the simple fact is, something has to be found that works. the free ride may not be over quite yet, but it'll have to end pretty damn soon. money has to be made out of websites, or they're gonna keep blipping out of existence.

i'm actually most taken by the big flash ads that cnet and others are slipping into their articles. most people seem to be making a fuss over them, but they load reasonably quickly, the text flows around them and is still readable, whilst putting the ad more under the eyes of the reader, as compared to banner ads that people switch off to.

of course now that i go looking for an example, i can't find a single cnet article that has one of them. oh wait, here's one. the article loaded as quickly as ever, and the ad is dynamic, interactive, and entertaining. i'm giving it a thumbs up, until it starts crashing my browser or slowing load times considerably.
posted by titboy at 3:24 AM on February 14, 2001

WebWasher (Mac & Windows) blocks ads, suppresses pop-ups, etc. and is free for home and education users.

"Web Ad Blocking under Linux/Unix, BeOS, MacOS, and Windows" has a hosts file which blocks a good number of banner servers.

Occasionally you'll come across a page that won't load correctly. WebWasher makes it fairly easy to toggle its features on the fly. In some cases (usually for items blocked by the hosts file) turning off javascript when loading the page is necessary.
posted by D.C. at 6:44 AM on February 14, 2001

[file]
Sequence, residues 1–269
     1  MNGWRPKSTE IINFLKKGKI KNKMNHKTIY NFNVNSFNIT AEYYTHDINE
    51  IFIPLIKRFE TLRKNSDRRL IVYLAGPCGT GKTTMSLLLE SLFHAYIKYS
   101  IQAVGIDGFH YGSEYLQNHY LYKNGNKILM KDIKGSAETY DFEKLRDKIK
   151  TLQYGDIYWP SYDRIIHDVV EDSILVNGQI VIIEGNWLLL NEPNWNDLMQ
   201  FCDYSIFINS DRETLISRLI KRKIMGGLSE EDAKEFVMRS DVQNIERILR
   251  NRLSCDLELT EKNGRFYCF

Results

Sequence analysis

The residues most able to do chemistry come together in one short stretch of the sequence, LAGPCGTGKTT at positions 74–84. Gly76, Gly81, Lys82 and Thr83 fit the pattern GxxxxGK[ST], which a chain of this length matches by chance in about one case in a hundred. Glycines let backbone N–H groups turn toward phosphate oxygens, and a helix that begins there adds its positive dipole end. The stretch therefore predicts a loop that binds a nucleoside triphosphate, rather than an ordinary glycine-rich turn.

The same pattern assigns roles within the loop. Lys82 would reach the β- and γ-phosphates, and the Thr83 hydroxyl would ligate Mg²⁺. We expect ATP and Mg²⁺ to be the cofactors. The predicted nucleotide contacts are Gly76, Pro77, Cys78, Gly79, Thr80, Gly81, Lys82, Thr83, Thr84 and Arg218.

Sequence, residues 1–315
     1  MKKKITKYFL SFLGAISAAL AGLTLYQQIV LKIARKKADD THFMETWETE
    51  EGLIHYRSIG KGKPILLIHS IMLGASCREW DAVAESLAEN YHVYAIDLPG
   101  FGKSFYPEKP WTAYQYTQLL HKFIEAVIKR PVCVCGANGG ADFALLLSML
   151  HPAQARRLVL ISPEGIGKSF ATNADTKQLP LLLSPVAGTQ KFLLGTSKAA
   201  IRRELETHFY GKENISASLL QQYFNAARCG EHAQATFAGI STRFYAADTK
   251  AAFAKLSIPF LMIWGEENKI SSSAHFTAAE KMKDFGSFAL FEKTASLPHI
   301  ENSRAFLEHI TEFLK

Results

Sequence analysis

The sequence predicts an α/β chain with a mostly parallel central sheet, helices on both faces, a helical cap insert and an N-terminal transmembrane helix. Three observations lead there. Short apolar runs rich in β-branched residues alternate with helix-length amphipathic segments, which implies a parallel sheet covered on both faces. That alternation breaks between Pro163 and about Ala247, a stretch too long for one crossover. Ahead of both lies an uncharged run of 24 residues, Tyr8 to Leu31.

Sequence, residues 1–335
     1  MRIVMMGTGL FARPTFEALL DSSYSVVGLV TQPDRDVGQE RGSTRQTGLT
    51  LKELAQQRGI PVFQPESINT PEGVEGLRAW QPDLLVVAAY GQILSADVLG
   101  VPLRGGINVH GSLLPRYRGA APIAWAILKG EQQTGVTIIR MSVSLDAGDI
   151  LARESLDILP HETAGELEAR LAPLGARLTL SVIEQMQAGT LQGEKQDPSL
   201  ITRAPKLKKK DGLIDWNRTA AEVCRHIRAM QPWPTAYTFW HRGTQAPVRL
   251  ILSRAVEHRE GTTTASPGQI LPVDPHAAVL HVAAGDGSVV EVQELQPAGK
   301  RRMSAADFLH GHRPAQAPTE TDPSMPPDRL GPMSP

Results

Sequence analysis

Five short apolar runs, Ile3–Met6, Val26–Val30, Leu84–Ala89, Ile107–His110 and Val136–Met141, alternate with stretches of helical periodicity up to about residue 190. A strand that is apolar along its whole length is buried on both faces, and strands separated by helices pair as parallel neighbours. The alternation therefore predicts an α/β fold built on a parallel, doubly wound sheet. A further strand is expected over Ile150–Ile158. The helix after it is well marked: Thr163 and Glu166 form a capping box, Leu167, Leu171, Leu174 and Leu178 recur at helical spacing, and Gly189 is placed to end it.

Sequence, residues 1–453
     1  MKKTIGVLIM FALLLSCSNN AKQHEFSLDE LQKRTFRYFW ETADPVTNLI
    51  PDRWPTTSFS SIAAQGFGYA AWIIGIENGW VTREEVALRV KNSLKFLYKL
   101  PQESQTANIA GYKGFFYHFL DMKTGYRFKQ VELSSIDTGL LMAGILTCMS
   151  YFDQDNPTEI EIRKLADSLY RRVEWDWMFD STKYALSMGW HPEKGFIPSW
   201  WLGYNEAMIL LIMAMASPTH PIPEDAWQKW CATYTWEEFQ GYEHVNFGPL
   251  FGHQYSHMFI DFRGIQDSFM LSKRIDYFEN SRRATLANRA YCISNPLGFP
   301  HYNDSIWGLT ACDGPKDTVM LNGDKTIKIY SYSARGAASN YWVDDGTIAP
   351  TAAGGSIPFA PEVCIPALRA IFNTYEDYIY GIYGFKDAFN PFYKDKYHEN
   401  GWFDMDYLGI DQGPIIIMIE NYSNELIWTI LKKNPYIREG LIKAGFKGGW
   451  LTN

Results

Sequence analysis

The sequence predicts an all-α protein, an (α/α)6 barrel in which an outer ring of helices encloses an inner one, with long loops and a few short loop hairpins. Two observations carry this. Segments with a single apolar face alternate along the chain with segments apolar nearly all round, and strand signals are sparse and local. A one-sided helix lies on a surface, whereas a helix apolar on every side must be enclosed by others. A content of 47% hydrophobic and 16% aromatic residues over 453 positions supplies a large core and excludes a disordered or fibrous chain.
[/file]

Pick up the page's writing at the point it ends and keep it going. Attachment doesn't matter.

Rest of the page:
the pc ad filtering software i use is adsubtract. it's free and pretty awesome. it does occasionally cause page-rendering problems (particularly at slate, for some reason), but i am 95% satisfied.
posted by acridrabbit at 6:50 AM on February 14, 2001

Why would you use anything else?
posted by sonofsamiam at 7:06 AM on February 14, 2001

heh. a page on ad filtering software that has a tripod member popup. amusingly ironic.
posted by Vetinari at 7:28 AM on February 14, 2001

This thread - while interesting - has gotten sidetracked a little. Certainly, there are alot of potential ad schemes for websites as well as methods for defeating them. But the original article specifically mentioned being "forced" to receive email messages as a price for continued subscription to the mailing list. Personally, I get so much junk email - 90% of which is filtered out pretty effectively - I probably wouldn't mind if the content of the list were important to me. What about you all - would you accept the subscription on those terms?
posted by m.polo at 8:55 AM on February 14, 2001

the simple fact is, something has to be found that works. the free ride may not be over quite yet, but it'll have to end pretty damn soon. money has to be made out of websites, or they're gonna keep blipping out of existence.

No, actually, it doesn't have to end, and websites don't have to make money. The 'net worked just fine before everyone was trying to use it to make money, and it will work fine when the gold rush ends, even if most of the "e-commerce" outfits fold.

Which is the greater benefit to the human race: the fact that the 'net allows catalog shopping companies to print their catalogs electronically, or the fact that the 'net makes it easier to find and connect with like-minded human beings? We've had systems for making money since the dawn of civilisation, and we will have them until the human race goes extinct. It's systems for connection that we were lacking, and that's what the 'net does best.

If the only way to make money running a website is to turn that website into a television channel, what on earth is the point? Screw 'em. They missed the point.

posted by Mars Saxman at 11:23 AM on February 14, 2001

Thank you, Mars.
posted by hijinx at 12:26 PM on February 14, 2001